Campaign launched to ‘debunk myths’ of textile recycling

A group of associations have come together to “set the record straight and debunk myths” around the textile recycling industry.

The campaign slams recent media reports that claim clothes are dumped in African countries

The campaign, released today (10 August), was launched by the Textile recycling Association , the Bureau of International Recycling, the European Recycling Industries Confederation and the US trade association SMART.

It comes off the back of recent media reports that claimed used clothing can end up being dumped in developing countries (see letsrecycle.com story).

The associations are calling for today’s report to be circulated widely, to “strongly encourage” the world to consume used clothing and textiles.

‘Misconception’

The report urged against the “common misconception” that second-hand clothing is exported to developing countries and dumped.

According to the associations, clothing not sold directly at markets gets passed down the supply chain and ends up selling in other stalls throughout the region.

The report added that the used clothing industry is actually “gaining momentum” with “tremendous environmental, social, and economic benefits” and that the demand for used clothing is growing in response to consumers becoming environmentally conscious.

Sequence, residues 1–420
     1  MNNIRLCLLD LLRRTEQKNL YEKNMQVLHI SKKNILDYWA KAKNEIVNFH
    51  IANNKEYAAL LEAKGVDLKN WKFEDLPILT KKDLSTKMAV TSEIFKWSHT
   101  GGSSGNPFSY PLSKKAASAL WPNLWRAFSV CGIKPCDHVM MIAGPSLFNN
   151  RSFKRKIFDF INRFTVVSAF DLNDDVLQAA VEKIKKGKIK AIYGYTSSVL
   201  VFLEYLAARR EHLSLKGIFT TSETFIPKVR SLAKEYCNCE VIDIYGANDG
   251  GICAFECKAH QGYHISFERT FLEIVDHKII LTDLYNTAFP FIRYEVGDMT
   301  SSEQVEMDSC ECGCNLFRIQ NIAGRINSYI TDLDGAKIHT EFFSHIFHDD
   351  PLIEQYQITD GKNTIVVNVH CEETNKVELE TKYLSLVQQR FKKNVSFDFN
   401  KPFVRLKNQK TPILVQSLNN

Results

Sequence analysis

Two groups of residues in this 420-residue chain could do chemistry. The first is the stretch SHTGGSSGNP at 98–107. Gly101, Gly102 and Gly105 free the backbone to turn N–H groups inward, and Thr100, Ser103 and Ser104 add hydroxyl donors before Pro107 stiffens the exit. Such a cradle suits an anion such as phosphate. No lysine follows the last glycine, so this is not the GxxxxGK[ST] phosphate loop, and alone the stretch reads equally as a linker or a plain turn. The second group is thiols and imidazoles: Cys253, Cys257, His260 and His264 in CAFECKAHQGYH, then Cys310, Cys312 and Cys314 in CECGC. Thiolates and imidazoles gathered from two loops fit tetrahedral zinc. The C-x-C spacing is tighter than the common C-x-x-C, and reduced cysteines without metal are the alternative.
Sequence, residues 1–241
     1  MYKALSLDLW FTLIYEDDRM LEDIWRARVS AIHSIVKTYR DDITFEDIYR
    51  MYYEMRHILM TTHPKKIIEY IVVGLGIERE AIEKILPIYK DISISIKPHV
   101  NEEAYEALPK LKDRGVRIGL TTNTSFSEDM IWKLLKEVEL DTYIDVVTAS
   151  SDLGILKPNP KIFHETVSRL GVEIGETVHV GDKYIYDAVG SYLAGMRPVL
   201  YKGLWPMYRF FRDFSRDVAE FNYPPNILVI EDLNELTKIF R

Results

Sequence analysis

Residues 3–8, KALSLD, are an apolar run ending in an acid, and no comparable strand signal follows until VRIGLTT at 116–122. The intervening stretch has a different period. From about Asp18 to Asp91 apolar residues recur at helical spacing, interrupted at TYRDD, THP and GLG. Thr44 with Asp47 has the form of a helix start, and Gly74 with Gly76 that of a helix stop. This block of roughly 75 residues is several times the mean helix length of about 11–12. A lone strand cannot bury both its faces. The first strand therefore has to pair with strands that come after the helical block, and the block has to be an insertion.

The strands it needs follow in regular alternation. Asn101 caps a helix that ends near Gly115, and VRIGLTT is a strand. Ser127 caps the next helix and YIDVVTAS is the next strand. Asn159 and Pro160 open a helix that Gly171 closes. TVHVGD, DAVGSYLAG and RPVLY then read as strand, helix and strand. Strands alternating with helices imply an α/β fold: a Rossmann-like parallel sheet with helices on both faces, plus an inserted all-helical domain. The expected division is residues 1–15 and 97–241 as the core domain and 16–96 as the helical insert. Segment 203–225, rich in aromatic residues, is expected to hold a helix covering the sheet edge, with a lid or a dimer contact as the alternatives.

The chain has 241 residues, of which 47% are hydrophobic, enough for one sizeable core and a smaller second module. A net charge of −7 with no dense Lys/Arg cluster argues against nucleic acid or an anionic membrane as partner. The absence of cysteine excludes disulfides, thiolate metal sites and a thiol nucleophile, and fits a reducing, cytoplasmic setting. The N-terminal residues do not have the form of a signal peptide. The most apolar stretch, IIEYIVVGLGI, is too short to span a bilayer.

It described this as a “win-win” situation for people looking for a place to re-use their clothing and for consumers searching for good value.

Kenya

The campaign points to research undertaken by the Institute of Economic Affairs in Kenya on the 5 April this year, surrounding the used clothing industry and its contributions to the Kenyan economy.

Mr Wheeler said the used clothing market has social and economic benefits

Key findings where that the used textile industry is “crucial” to Kenya’s economy as it employs around two million people and accounts for 10% of the extended workforce.

The report argued that therefore, the second-hand clothing industry “improves standards of living for two million people and reduces poverty levels”.

Explaining this, Alan Wheeler, chief executive of the TRA, said: “The used clothing industry will continue to underpin the viability of circular business models for decades to come and supplying used clothing to markets and people wherever they are in the world will be fundamental to achieving the maximum environmental benefits as well as social and economic benefits.”

‘Solution, not the problem’

In the United States, Jackie King, executive director of secondary materials and recycled textiles Association (SMART) added that second-hand clothing exported to countries is sorted and graded for customer needs or preferences.

“Suppliers do not ship waste; it is not cost-effective. Customers demand quality clothing for resale, not waste; the semantics of ‘waste’ really means what they couldn’t sell. The reality is if clothing doesn’t sell, it is often shipped to other worldwide markets for resale or recycling – not thrown away.”

Useful links

The truths about the used clothing industry

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